“A table for four?” the hostess asks me.
More than a decade in the restaurant business and I can not resist the urge to smile and say “Three and a half!” while gesturing to the baby. It’s not particularly funny. It wasn’t the first time I said it and it won’t be the next hundred times. We get a high chair and we head to our table. A table for four.
There are four stockings hanging.
When I fold laundry I make a square in my mind, sorting things in to the invisible quadrants: Mom, Dad, Emily & Lucy.
I set the table and in the past few weeks I have begun to pull out four plates (even if the fourth remains far away from the smallest dining companion in an effort to keep her from pitching it to the floor.)
There are four spots in a booth. Four spaces in an average vehicle. Three spots on the couch plus the chair in the living room make four spots to sit.
Four means a family to me. I was raised in a family of four. Four means parenting is never zone defense by design. Man-to-man is my preferred style and two adults and two kids lends itself nicely to this.
Friday afternoon Lucy fell asleep in the car. I pulled in the driveway with forty minutes or so to spare before Emily was to get off of the bus. I thought I would read, goof off on my phone and let her sleep. I rolled the windows down in my car and grabbed a blanket and my laptop from inside. With Lucy tucked in to the backseat and a cool breeze on my face I started to write about how we have four people in our family and that fact brings me a great sense of calm, a feeling of being complete.
Lucy started to wake and I quickly turned my car on, hoping the vibration of the engine would put her back to sleep. In twenty minutes Emily would be getting off of the bus. The radio was on and the news of the tragedy at Sandy Hook Elementary filled my car.
I was waiting for my child to get off the bus. There were twenty families whose children would not come home from school. I had twenty minutes to wait until I could hold my oldest in my arms. School had let out already, I couldn’t go pick her up. So, I waited. With fat tears rolling down my face I waited.
My heart skips a beat when I see her face every day after school. There is nothing so care-free as a child as they toss their backpack to the ground and run up the driveway. I dropped to my knees and buried my face in her neck, breathing in her scent of sweaty kid and cold winter day and cherry chapstick. “Mom, are you ok?”
“Yep. I am. I am ok.”
“You can keep hugging me, but can I just grab a snack?”
We are four. Four is our little family. To the families that woke up a four on Friday and became three, woke up three and became two, whatever your number is now know that Americans will keep setting a place at their table for your children. We will hang a stocking or make a space on our couch. Your children will not be forgotten.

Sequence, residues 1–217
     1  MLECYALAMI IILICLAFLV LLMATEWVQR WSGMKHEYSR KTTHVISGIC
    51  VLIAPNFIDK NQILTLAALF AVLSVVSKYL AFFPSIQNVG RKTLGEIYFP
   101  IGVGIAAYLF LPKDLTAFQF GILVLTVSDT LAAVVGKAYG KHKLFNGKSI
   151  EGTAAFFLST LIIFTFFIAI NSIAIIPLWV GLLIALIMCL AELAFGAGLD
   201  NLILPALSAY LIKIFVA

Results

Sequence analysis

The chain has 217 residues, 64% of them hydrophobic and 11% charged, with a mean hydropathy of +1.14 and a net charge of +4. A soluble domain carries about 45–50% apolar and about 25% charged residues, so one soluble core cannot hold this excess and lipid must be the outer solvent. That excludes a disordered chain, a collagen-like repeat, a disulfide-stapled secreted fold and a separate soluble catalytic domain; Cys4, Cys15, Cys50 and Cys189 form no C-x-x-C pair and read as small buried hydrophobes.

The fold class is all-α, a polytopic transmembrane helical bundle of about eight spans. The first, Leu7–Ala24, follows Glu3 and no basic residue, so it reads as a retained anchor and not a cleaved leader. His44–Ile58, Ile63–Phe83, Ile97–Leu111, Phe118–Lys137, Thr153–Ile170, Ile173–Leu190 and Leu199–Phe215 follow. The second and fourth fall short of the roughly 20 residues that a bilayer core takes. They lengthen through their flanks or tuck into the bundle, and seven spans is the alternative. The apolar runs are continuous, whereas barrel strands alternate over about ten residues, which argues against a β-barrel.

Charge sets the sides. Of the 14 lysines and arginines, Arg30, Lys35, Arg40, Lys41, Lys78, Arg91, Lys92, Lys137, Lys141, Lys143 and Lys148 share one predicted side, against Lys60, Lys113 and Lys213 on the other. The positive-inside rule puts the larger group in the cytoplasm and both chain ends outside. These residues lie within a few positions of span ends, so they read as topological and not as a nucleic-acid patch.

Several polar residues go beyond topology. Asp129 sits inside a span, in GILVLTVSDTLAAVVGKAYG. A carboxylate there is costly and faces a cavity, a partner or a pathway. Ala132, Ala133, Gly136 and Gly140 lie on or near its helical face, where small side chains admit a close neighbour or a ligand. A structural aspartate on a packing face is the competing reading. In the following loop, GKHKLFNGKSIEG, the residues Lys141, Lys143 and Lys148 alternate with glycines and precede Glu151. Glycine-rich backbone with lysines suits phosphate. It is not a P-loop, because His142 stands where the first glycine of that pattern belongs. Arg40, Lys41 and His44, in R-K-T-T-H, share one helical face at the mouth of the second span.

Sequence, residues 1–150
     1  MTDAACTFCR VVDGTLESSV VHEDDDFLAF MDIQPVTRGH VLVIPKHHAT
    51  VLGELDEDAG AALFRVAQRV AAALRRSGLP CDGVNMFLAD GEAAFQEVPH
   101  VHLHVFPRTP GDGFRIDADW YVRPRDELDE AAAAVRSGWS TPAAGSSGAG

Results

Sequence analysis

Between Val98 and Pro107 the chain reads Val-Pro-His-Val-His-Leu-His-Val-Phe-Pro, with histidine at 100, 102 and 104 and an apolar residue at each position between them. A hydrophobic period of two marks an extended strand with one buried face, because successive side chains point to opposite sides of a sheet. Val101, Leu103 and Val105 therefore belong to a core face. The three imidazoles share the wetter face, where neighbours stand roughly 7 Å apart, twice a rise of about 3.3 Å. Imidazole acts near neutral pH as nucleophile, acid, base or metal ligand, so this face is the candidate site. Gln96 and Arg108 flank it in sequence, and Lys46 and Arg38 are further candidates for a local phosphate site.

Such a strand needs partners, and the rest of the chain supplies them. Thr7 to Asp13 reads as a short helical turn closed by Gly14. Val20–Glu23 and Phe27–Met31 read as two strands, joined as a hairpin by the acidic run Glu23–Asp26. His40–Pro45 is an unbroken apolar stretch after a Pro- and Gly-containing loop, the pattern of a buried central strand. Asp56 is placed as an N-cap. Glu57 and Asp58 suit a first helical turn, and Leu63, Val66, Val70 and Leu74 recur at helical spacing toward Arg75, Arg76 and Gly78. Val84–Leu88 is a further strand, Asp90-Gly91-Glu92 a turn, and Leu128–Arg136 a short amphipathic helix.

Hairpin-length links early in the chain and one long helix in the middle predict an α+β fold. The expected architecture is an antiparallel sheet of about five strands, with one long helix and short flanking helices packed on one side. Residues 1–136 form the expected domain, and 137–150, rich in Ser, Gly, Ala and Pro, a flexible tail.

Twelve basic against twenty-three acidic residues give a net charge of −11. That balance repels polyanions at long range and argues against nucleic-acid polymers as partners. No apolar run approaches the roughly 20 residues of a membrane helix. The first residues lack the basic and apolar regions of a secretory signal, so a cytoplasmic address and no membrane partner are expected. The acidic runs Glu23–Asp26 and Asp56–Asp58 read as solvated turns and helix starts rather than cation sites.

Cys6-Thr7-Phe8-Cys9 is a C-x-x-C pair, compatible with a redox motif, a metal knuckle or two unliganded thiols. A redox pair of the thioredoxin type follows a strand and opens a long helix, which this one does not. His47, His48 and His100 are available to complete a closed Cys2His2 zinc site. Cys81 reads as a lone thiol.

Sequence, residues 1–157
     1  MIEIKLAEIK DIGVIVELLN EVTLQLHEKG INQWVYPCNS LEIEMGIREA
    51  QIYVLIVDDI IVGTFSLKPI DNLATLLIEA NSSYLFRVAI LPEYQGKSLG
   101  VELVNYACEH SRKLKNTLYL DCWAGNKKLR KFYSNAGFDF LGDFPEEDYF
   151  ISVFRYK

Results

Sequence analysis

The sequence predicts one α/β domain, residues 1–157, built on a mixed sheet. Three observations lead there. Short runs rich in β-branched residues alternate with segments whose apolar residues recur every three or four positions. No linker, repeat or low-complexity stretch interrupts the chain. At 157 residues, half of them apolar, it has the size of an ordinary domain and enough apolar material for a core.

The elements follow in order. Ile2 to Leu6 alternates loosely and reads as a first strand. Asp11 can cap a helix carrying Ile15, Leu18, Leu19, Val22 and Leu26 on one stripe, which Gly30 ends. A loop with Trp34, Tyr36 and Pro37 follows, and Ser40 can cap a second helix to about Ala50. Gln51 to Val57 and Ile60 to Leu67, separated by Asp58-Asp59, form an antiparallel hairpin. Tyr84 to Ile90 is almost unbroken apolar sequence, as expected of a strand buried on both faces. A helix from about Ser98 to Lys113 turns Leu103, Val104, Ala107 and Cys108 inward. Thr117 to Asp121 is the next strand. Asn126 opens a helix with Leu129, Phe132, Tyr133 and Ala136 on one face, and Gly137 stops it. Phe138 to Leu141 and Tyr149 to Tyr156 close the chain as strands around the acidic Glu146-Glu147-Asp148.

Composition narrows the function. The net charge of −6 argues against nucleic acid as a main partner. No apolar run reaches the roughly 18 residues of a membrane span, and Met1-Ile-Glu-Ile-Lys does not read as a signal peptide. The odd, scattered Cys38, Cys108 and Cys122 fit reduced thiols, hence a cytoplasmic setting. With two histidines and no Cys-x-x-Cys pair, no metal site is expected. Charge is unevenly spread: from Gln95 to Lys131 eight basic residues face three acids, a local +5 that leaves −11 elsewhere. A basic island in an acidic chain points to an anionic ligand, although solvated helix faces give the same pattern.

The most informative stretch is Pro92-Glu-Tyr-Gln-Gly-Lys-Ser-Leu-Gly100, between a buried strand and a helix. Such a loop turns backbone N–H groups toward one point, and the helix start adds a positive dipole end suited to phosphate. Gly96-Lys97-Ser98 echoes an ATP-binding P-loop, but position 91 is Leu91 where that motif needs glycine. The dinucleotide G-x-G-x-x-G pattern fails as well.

Really beautiful and thoughtful –
Dammit Kelly, you just made me cry.
I have a problem with that. I tend to do it from time to time.
Lovely post. And you are right about the man-to-man thing. Zone coverage can be tricky.
This is a different perspective from any other post I’ve read on the topic. Will admit, the last paragraph choked me up.
Well-written. But you don’t get my Four Is A Family domain name!! :)
Ha! You’ve been on my mind for days now. :)
Grrr. The battle is joined.. :)
That was nice work. Thank you.
Thank you for reading. Hello and happy holidays to you and yours.
What has always made you so special, both to your four and to the populaton in general, Kelly, is your ability to feel what you feel not only for yourself but for the world at large. Many, dare I say most of us shy away from tragedy because it puts a damper on our own little universe. You pull the rest of the world into yours, share yourself in a way that is exceptional in this intimately disconnected world. I loved the piece today, love you for writing it, hope that one day we’ll live in a world where you won’t have to, know that won’t ever happen. Don’t ever stop writing, Kelly, not just for your fours (both of them) but for the extended family that is part of your world.
Cherry chapstick. Sometimes the littlest things are what we crave, hold on to, and are reminded to love just a little bit more.
Read your post on my phone as I was standing there watching Little Man climb onto the school bus and drive away….this is going to be an excruciating day. How we ever it get back to normal, I just don’t know…
I know. Em had a cough this morning so I said “do you think you need to stay home?” By 8 am I realized I can’t keep her home forever… she’s at school. I am counting minutes.
Love you, Kelly. Beautiful post.
I’ve been so weepy since Friday, incapable of really speaking about what happened in CT and incapable of finishing what I had already started to say… when I realized they were part of the same thought.
For many who grieve
in isolated silence.
For many who share
For many who carry
For all of us,
each, and every one.
Thank you, truly.
So beautiful! And let me just say—zone defense….yeah not so fun sometimes!! :)
I can only imagine!
Beautifully stated – love, caring, thoughtful. Thank you